We needed to splurge a little bit since our diet has consisted mainly of cheese, crackers, pasta, peanut butter and cheap (slimy) lunchmeat, so we had some Thai food for dinner. A bit of a scare as the chicken satay skewers were darn-near bloody in the center but we learned that was “due to the marinade.” Didn’t get sick so I guess they were either telling the truth or I have a stomach made of cast-iron. Woohoo!
Erin scored us a stay at another hospitalityclub.com member for the evening so we hopped a ferry to Manly Beach, only to be reminded yet again, how simply breathtaking and stunning Sydney is. Being on a ferry in the harbour is an unforgettable experience. We were unable to land the primo seats in the back on the way out of the city but we got the front seats on the way back in.
Manly Beach is only a 15 minute ferry ride Northeast of the city and after docking it was a short walk across town to the beach. We set up shop and watched a bunch of young guys playing beach Cricket. Cricket is basically their version of baseball but Test Matches (games) can take up to a week to complete! The pitcher is called a bowler and when the batter hits the ball, he “hooks” it. I sat there for a good hour and a half watching and still couldn’t figure out how it worked and would wait until later in the evening to ask our hosts, David and Lisa, a little more about the game before asking to “hook the crap out of some bowled balls.” So, the beach was just as amazing as Bondi as far as natural beauty goes, but I think the ferry trip made it my favorite Sydney beach.
A ferry, bus, and 35 minute train ride later we arrived at our host’s suburban home where they graciously picked us up from the station and took us back to their house. We had brought some food to cook but Lisa already had a salad prepared as well as David’s world famous Pumpkin Soup. We pitched in the lamb we had purchased, they cracked a bottle of Grenache and we all sat down for a nice dinner.
They had done an around-the-world trip just two years prior, so the conversation was geared mostly around the similarities and differences between our trips. They gave us tips and advice, showed us pictures of some of their favorite spots and shared their knowledge on the intricacies of the hospitality club networks. Since we were having little success getting accepted on couchsurfing.com, they suggested it may be because we were Americans. Apparently, American traveller’s have been abusing the system for some time now and the rest of the world is just plain sick of it. They said they would give us a good review which will hopefully up our chances in the future. Oh, and of course we talked politics. This hopefully will continue as we get to talk to more locals. A big thanks to Lisa and David for putting us up for the night and providing transportation to and from the train and ferry stations.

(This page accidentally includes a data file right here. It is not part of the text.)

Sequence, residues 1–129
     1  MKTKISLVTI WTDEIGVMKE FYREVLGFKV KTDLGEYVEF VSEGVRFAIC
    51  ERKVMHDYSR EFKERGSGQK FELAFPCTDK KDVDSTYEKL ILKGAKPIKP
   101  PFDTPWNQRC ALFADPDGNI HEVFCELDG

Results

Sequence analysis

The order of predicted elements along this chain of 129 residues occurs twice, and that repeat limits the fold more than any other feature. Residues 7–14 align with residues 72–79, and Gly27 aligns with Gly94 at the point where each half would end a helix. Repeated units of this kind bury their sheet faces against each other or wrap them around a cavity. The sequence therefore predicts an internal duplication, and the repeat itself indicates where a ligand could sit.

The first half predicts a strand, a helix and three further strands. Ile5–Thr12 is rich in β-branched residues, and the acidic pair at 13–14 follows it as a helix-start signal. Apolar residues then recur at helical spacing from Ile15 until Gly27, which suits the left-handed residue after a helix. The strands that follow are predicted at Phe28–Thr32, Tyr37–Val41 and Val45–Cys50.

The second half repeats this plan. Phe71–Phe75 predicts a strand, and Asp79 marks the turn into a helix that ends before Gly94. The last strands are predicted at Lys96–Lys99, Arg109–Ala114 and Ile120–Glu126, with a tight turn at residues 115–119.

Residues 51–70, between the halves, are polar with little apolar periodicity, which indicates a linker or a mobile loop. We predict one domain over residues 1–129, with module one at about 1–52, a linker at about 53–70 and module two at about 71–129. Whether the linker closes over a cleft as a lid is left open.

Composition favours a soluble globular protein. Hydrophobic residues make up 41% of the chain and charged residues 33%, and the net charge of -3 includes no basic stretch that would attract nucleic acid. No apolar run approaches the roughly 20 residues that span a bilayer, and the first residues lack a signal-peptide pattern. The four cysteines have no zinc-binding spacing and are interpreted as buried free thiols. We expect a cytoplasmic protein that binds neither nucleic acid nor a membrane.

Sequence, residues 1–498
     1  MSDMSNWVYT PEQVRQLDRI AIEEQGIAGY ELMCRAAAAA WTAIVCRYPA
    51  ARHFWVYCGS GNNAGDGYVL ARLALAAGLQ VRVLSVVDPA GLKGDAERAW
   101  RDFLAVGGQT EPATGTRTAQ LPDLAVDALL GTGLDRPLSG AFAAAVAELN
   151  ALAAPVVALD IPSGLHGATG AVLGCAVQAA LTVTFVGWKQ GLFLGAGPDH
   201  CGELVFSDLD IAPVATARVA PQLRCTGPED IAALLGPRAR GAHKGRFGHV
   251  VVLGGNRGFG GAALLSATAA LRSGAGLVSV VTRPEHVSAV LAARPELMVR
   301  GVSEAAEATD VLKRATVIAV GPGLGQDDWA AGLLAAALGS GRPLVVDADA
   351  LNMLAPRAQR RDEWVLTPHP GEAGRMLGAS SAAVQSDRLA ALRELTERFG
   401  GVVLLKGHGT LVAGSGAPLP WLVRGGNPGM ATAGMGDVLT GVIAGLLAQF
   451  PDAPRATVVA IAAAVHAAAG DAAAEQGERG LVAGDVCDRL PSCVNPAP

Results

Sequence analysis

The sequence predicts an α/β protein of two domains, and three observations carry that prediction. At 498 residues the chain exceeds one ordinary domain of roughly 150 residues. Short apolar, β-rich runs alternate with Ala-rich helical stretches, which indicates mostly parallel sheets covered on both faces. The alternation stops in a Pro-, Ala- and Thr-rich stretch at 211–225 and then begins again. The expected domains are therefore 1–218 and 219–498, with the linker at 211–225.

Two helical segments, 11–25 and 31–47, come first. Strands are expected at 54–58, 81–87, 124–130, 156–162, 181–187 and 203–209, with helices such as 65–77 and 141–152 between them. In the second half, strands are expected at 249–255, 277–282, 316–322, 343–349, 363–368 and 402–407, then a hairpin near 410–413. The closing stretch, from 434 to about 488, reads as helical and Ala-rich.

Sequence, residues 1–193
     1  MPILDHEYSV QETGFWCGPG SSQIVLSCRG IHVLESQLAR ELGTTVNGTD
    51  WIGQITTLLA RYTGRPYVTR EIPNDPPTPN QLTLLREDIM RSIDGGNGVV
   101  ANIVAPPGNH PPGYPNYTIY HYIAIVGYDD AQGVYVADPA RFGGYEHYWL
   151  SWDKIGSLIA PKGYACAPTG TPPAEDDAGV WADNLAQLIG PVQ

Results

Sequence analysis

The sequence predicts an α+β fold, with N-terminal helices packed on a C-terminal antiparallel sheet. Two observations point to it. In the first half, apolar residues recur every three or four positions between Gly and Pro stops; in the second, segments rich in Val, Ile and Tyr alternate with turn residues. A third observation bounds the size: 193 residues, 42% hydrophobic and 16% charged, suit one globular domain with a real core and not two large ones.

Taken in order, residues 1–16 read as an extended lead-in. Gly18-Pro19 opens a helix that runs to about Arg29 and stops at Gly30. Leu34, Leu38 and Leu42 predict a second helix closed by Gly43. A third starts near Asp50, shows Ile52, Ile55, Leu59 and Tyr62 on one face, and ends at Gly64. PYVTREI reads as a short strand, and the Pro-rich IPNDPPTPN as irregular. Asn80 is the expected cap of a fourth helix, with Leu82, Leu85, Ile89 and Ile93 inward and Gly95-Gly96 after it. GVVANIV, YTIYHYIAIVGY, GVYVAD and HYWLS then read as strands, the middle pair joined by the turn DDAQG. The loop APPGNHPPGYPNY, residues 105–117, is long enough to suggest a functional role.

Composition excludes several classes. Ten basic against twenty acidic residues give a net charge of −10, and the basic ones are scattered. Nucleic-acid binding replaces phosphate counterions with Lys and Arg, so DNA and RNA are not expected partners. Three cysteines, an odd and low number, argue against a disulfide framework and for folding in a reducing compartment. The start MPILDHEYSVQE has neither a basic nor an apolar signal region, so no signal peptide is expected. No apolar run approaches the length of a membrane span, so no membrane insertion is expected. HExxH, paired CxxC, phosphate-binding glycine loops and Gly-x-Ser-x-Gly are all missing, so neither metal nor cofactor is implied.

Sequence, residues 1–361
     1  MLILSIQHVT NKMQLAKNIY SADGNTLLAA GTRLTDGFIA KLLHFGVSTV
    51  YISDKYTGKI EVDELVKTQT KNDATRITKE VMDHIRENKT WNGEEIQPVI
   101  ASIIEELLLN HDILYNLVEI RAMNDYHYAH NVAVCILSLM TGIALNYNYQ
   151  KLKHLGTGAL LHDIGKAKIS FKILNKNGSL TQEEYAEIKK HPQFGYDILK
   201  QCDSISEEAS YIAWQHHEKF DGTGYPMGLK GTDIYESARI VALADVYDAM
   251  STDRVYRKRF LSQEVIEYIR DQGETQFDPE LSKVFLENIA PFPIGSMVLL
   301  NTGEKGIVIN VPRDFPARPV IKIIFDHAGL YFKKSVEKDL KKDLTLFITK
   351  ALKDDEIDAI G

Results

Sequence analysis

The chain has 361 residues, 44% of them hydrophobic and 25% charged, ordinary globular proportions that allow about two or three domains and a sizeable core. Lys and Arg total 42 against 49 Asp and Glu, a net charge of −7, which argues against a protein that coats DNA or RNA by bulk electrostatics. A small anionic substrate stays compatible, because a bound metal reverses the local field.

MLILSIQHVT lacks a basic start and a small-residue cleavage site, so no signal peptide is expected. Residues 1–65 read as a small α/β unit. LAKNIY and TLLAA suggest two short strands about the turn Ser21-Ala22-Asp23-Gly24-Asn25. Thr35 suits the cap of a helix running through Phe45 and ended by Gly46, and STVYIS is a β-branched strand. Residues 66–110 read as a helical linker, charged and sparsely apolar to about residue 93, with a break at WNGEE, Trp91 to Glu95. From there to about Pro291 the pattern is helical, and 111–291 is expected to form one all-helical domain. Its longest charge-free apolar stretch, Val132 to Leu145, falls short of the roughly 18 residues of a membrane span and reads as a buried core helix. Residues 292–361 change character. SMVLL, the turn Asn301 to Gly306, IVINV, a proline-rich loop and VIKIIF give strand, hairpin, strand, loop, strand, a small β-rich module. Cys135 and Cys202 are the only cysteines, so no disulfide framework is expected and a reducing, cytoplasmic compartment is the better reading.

Last Day in Sydney
We took the ferry back into the City and spent a bit over 2 hours trying to locate a spot to leave our backpacks for the day. It was aggravating but finally we found a spot that would store them until 8 p.m. for $5 each. Our bus leaves tonight at 10:30 p.m. for a 12-hour overnight ride to Byron Bay. During the day we walked around Darling Harbour, the Rocks and also crossed the Harbour Bridge. Another sunny day but my feet are killing me. We’re both already looking forward to the $4 massages that await us in Thailand.
Off to more beaches, some 4×4’ing around sand-dunes, sailing on a catamaran around some islands, a canoe trip, and my much anticipated Scuba dive in the Great Barrier Reef!